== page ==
This type of system needs to change and I can only hope it is changed before my other two children attend Sunnyside High. Maybe by then there will be a better system. Until then we will have to continue to deal with ignorance.

/s/ Sam Dorsey, Sunnyside

Complaint needs to be investigated

This week the U.S. House of Representatives Committee on Standards and Official Conduct, also known as the House Ethics Committee, must make a decision vital to our democracy. Rep. Doc Hastings of Washington state is one of the 10 committee members. This group must decide whether to investigate the serious ethics complaint it received against Rep. Tom DeLay of Texas this summer.

According to House rules, no other group or party has the power to investigate a U.S. representative. The charges are serious. They involve outright fraud, money laundering and the illegal use of federal troops to push through the redistricting of Texas.

Unfortunately, four of the representatives who are members of the Ethics Committee, including Washington's own Doc Hastings, have taken money from Mr. DeLay or from his PAC in recent years.

What does it say for our government when a man charged with engaging in "pay-to-play" politics can also pay off the members of the jury that must decide whether to investigate him?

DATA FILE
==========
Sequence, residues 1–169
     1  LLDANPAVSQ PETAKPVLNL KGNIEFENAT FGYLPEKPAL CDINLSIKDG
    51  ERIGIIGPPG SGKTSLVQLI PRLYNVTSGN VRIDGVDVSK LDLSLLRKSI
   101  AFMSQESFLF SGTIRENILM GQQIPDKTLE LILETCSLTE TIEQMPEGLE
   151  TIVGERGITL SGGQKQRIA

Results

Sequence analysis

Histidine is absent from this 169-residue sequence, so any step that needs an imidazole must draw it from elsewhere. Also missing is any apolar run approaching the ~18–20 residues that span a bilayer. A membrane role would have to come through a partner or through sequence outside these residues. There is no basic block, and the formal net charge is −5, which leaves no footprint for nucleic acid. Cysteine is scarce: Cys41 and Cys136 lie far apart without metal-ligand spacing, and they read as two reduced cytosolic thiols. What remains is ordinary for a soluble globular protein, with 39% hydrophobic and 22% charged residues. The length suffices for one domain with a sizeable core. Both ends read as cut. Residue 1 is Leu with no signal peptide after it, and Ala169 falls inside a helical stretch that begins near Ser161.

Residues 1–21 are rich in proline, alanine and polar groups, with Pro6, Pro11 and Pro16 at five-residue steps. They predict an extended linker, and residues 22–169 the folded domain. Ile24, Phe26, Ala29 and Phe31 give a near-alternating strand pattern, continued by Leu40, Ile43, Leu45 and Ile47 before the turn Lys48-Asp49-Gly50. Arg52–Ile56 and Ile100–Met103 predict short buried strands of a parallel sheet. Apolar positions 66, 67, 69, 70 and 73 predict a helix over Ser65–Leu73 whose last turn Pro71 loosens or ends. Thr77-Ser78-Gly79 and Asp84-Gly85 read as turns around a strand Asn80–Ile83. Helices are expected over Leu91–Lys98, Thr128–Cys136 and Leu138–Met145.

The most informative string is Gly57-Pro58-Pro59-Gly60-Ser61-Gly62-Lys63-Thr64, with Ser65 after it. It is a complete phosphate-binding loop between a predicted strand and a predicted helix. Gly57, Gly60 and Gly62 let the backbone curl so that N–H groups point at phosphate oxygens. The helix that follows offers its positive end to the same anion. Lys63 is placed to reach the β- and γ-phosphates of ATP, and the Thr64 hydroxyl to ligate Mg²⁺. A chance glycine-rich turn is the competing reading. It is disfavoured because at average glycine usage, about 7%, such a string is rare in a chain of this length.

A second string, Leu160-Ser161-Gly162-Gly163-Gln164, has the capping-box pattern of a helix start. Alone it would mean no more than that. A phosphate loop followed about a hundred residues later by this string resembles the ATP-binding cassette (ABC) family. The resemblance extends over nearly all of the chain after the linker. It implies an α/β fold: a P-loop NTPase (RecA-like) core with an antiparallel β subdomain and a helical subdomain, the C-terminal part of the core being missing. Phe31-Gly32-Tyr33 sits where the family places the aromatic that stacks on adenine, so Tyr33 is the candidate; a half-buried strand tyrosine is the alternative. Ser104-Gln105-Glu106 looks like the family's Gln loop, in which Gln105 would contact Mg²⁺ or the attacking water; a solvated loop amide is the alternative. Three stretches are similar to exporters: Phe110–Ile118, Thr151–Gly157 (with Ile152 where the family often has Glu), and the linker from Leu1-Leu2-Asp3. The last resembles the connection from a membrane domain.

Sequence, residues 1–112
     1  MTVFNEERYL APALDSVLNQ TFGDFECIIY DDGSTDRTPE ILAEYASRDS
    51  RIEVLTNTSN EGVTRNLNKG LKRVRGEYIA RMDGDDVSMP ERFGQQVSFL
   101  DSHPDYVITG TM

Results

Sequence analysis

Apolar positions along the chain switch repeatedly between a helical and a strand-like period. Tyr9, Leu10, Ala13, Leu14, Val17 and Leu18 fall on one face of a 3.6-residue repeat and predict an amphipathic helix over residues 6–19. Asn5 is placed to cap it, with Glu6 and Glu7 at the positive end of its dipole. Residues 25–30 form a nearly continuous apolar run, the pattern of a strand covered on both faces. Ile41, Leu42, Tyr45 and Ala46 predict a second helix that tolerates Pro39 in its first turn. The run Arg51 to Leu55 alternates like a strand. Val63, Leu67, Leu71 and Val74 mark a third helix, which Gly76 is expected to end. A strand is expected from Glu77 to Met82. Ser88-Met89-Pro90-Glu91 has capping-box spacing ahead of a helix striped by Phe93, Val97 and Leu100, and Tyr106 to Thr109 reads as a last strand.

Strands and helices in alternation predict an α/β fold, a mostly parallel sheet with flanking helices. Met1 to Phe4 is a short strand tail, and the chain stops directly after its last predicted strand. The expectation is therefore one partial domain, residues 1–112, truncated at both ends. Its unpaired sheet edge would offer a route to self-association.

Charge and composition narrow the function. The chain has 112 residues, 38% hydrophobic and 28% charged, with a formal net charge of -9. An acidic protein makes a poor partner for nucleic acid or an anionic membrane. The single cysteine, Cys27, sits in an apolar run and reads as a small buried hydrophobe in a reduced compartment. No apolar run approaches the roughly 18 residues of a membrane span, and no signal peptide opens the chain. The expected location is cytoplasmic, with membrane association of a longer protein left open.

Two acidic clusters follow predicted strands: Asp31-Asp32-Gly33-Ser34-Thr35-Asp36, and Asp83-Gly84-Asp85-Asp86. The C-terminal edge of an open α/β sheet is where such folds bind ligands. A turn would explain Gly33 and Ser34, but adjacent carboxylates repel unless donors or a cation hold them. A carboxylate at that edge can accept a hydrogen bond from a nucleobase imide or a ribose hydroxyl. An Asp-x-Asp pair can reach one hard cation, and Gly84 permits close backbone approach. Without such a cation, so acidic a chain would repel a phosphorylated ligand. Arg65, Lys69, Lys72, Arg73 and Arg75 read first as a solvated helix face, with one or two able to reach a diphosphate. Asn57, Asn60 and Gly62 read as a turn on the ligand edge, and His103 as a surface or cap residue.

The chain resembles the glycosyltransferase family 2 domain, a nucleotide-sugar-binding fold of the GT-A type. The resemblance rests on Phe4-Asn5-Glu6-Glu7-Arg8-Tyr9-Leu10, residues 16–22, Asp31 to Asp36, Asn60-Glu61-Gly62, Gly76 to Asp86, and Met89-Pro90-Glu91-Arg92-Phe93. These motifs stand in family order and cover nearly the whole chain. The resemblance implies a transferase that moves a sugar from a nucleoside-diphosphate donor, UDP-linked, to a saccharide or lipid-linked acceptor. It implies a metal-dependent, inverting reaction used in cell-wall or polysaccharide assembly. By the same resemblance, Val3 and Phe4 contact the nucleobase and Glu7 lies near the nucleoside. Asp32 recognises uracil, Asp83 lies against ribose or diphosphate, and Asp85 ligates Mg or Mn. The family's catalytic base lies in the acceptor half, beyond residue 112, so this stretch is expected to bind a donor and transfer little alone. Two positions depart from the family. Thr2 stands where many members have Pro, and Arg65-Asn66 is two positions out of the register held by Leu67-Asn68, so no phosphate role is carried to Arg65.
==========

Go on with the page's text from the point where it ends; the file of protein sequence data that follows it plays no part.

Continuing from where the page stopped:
If the charges are groundless, let an investigation put them to rest. If, however, members of the committee who have been paid by Mr. DeLay lack the integrity either to recuse themselves or appoint special counsel to look into the charges, then America's representative democracy suffers a terrible blow. What confidence can we then have that our representatives in Washington, such as Rep. Hastings, will actually represent the people whose votes sent them there, instead of representing those who fill their pockets?

/s/ Celeste Pagano, Houston, Texas

Blood drawing

The Red Cross blood drawing held Aug. 31 was sponsored by Sunnyside Community Hospital. Yolle Widdows-Guizar was the chairperson.

We had 79 presenters and four first-time donors.Thirteen were unable to give, leaving 66 units collected. Because of their efforts, 198 people will have another chance at life.

Many thanks to the sponsors for donating the cookies and juice, the United Methodist Church for the use of its hall, Bob Story for publicity in the Daily Sun News and Max of Washington Corrugators for displaying the banner at Centennial Square.

And then there are the volunteers whose services are always appreciated: Alice Benedetti, Myrtis Lange, Ramona Meek, Ella Mae Lochner and Phyllis Morris.

A very special thank you to the donors, who are the lifeline for the flow of blood in the Valley. Hope to see everyone at the next blood drawing on Tuesday, Nov. 2, at the United Methodist Church in Sunnyside, from 1 to 6 p.m.

/s/ Marie Handy, blood drawing chairperson